In the January 20, 2009 issue of the AGU publication EOS, there is Feature article by P.T. Doran and M. K. Zimmerman titled “Examining the Scientific Consensus on Climate Change”.
This paper is a polling paper that specifically reported in the EOS article on the two questions:
1. When compared with pre-1800s levels, do you think that mean global temperatures have generally risen, fallen, or remained relatively constant?
2. Do you think human activity is a significant contributing factor in changing mean global temperatures?
The conclusion in the article is that
“It seems that the debate on the authenticity of global warming and the role played by human activity is largely nonexistent among those who understand the nuances and scientific basis of long-term climate processes. The challenge, rather, appears to be how to effectively communicate this fact to policy makers and to a public that continues to mistakenly perceive debate among scientists.”
However, EOS rejected our polling study last year, as we reported on in Climate Science in the weblogs
In the first weblog, I wrote
“After the survey was completed last summer and the article written, it was submitted to the AGU publication EOS as a “Forum piece. The EOS description of a Forum is that it
”contains thought-provoking contributions expected to stimulate further discussion, within the newspaper or as part of Eos Online Discussions. Appropriate Forum topics include current or proposed science policy, discussion related to current research in our fields especially scientific controversies, the relationship of our science to society, or practices that affect our fields, science in general, or AGU as an organization. Commentary solely on the science reported in research journals is not appropriate.”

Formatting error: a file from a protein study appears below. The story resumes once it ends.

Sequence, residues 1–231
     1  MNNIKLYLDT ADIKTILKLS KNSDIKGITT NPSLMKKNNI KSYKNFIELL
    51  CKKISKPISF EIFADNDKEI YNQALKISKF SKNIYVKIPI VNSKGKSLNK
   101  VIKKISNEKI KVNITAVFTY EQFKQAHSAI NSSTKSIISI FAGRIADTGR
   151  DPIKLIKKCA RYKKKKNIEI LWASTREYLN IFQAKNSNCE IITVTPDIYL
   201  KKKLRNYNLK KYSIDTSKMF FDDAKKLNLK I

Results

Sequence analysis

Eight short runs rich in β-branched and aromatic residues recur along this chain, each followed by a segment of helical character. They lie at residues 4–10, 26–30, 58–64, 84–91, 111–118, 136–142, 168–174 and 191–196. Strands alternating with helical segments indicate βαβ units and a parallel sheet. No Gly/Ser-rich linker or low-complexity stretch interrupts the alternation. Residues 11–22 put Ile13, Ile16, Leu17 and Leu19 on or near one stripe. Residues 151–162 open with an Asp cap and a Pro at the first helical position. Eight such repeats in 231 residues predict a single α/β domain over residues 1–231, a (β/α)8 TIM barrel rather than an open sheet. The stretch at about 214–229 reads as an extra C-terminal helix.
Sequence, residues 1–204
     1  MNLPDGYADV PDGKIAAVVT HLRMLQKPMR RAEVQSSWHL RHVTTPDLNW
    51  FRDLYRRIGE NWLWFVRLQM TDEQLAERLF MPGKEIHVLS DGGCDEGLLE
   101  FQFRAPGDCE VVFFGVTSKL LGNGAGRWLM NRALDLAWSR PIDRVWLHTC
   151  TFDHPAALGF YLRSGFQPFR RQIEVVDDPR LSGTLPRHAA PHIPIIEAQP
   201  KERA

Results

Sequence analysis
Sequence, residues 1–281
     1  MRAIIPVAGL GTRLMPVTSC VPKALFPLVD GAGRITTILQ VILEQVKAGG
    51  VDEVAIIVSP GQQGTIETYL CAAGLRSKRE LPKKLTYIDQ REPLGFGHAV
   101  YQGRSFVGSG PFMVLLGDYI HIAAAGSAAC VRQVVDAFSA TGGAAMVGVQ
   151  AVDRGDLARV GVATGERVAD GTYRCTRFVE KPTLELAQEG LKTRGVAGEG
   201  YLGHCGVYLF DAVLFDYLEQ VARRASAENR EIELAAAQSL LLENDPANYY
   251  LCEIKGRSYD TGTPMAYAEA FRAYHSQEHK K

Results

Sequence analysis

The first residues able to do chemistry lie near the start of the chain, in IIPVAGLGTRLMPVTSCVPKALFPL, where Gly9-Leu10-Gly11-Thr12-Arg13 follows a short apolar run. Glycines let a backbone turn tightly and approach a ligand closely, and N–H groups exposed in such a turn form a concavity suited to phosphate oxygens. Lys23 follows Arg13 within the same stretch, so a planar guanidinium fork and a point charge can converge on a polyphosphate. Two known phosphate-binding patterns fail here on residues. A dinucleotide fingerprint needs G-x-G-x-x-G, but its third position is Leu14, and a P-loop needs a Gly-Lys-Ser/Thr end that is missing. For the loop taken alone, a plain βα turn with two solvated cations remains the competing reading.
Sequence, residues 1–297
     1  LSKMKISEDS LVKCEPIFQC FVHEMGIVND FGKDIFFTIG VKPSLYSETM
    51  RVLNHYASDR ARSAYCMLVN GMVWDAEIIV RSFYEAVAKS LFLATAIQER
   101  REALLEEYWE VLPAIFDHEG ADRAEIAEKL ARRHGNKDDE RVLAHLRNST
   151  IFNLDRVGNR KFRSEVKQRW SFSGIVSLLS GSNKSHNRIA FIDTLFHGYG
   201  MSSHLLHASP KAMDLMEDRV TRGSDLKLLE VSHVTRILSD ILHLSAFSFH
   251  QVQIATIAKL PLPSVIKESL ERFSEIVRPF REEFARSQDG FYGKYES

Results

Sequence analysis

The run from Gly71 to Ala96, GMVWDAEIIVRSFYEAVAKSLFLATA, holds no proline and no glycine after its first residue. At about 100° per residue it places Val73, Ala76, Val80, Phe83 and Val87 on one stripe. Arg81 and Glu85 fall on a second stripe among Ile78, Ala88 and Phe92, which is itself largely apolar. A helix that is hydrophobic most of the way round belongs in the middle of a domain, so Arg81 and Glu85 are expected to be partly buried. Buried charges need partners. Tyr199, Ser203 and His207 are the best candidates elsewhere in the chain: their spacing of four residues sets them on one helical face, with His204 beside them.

Our article certainly fits this description. However, after 4 months without a decision, our contribution was summarily rejected by Fred Spilhous without review. He said our article did not fit EOS policy. We disagreed, of course, based on the explicit EOS policy given above, but our follow request for an appeal was ignored.”
Thus, EOS accepts a poll P.T. Doran and M. K. Zimmerman (as a Feature), yet rejected our contribution which was submitted as a Forum contribution. This is an obvious double standard, and raises serious questions on the role of EOS as an objective vehicle to communicate climate science issues.